Uganda 2018 Day 3: How many Ugandans can you fit in a van?


It was an early start this morning for the Conservation Cup training day with our alarm going at 06.30. Everybody managed to get showered and ready in a reasonable time and we all went to the Safari Hostel for breakfast. While we were there Yowasi rang me to ask me if we could pick up some pupils from Katunguru as it would save some time. I told him that we could probably manage to transport six pupils in our two vehicles.

We drove down to Katunguru where I met Ramathan and told him we could take 6 pupils. Six pupils duly appeared and we fitted them on the vehicles. Geoffrey, our driver told us that he could fit another couple of pupils in so the PE teacher was sent to get them. From the rear view mirror of my car, I could see that more than two pupils had got on, but I didn’t realise that twenty people were actually squeezed into the Hiace van. When we arrived at Kyambura and the bus emptied, I thought I was hallucinating.

As usually happens in Uganda, the training day didn’t start on time, but when we did get going it was a lot of fun. I looked over to the football pitches where Nick and Ash were playing warm up games with the children and there seemed to be an awful lot of laughter from the children as they were playing head, shoulders, knees and toes. Over at the rugby pitches there was a little bit of trouble with the children understanding my south London drawl, but as soon as Mrs Green and I modelled some of the games the children got the idea and performed well.

Once we got on to playing small-sided tag rugby games, I was incredibly impressed with how much the children’s skills have progressed over the last couple of years. Some of the children’s lines of running, passing and support play was a joy to behold.

At the end of the morning, the children were given some time to prepare their conservation presentations for tomorrow before going to lunch. We were all introduced to Robert, the district sports officer, who thanked us for all of our hard work supporting the children. Robert confirmed for us that there was an abundance of talent in the district, but the teachers needed training to ensure that the children got the best coaching possible. He is very keen for Nick and I to go and meet with him next week.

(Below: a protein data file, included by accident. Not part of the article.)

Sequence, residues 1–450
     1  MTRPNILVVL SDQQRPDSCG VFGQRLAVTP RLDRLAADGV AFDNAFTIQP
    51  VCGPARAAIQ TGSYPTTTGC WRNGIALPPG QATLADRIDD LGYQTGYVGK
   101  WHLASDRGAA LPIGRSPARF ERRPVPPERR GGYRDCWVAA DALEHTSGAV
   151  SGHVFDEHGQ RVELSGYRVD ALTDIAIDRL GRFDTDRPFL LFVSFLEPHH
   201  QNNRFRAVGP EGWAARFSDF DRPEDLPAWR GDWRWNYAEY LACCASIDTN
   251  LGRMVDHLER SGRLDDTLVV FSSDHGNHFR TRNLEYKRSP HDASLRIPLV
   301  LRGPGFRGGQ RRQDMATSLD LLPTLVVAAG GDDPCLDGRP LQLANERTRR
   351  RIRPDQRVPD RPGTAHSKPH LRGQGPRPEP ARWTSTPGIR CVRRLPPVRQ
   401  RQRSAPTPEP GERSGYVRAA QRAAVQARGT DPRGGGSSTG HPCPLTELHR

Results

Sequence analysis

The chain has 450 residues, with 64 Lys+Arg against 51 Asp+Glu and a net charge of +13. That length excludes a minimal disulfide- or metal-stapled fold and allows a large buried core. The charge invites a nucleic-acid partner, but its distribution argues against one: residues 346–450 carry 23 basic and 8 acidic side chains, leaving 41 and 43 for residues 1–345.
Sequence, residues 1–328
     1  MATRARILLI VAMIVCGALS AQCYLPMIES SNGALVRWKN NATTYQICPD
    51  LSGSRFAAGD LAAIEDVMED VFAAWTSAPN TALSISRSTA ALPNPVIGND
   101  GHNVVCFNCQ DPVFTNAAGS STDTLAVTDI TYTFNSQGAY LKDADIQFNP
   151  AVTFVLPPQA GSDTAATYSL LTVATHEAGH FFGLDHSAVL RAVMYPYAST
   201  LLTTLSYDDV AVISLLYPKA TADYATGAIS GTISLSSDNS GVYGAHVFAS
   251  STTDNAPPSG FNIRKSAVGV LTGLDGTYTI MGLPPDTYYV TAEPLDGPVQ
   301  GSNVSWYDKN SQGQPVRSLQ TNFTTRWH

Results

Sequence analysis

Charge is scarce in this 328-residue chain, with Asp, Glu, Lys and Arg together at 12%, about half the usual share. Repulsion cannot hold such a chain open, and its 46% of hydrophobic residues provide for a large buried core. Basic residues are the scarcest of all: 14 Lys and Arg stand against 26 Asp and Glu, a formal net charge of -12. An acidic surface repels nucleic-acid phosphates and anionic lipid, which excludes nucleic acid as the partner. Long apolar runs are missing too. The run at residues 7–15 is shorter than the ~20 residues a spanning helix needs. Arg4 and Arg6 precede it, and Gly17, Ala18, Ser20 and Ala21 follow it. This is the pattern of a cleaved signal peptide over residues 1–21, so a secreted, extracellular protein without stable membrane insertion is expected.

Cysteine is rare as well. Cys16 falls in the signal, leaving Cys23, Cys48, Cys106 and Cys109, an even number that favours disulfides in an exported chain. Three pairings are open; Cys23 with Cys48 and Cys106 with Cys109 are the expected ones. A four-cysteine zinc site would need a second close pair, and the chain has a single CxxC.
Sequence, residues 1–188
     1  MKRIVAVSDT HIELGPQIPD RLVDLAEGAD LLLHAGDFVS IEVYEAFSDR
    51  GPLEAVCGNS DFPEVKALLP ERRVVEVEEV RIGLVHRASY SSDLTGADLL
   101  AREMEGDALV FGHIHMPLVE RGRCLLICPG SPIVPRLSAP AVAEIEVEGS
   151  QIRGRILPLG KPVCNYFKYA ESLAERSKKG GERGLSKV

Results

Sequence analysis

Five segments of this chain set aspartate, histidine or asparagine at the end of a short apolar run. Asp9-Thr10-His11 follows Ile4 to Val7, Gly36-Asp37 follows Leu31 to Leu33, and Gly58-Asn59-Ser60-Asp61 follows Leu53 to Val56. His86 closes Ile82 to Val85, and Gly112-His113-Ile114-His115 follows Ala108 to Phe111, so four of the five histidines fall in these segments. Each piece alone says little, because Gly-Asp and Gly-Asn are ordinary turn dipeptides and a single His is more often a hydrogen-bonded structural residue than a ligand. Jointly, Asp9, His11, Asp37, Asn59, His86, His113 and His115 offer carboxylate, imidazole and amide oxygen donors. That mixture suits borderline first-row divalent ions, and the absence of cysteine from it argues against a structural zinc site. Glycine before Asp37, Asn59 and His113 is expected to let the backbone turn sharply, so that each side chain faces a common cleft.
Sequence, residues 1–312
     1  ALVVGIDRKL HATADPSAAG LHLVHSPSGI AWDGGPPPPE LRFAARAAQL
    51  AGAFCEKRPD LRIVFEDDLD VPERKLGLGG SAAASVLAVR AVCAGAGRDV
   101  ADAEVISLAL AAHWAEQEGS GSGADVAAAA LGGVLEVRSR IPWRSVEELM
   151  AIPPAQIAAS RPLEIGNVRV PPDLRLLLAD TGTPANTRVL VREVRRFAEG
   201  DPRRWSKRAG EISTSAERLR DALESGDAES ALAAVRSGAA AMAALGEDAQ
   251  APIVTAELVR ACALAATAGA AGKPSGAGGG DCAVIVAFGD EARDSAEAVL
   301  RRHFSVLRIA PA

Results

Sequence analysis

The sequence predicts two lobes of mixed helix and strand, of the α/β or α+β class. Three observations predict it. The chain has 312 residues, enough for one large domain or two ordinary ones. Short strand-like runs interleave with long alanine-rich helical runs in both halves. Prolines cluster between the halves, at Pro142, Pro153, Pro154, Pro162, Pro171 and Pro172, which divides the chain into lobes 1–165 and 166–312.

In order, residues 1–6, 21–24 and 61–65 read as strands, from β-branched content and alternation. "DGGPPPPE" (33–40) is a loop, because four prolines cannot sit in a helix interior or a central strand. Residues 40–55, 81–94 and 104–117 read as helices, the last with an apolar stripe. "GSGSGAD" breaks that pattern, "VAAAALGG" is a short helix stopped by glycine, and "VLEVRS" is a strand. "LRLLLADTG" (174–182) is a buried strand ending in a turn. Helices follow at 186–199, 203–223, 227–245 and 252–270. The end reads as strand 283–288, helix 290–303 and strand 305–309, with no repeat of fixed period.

Robert also told me, completely unprompted, that he is also a senior figure in the scouts and that he was at the meeting when all the scouts clothing and badges that Mrs Prior had collected for them was handed out. He said that the uniform had made an enormous difference to the motivation of the scouts and asked for his thanks to be passed on to Mrs Prior for all her hard work. Mrs Prior, I hope you’re reading this – Well done!

The afternoon session was a close mirror of the morning session with lots of good work by the children and some great skill. Both Ash and Nick thought that the Ugandan children had so much natural talent that given the coaching opportunities that English children get they would be fantastic all round sportsmen.

The afternoon session ended at just after 16.00 and we headed back to Mweya with two vehicles full of Ugandans. When we got back, we had a brief meeting with Ronald confirm our itinerary and to sign the visitors book.

As we prepared to go down to dinner, we were interrupted by twenty plus elephants entering our garden including the two smallest calves I’ve ever seen. Ash summed up the day by saying,
“What an amazing day I’ve had. I’ve coached 80 Ugandan children and had twenty elephants in my back garden. How do you top that?

Tomorrow is the Conservation Cup tournament itself. Who will be the champions?

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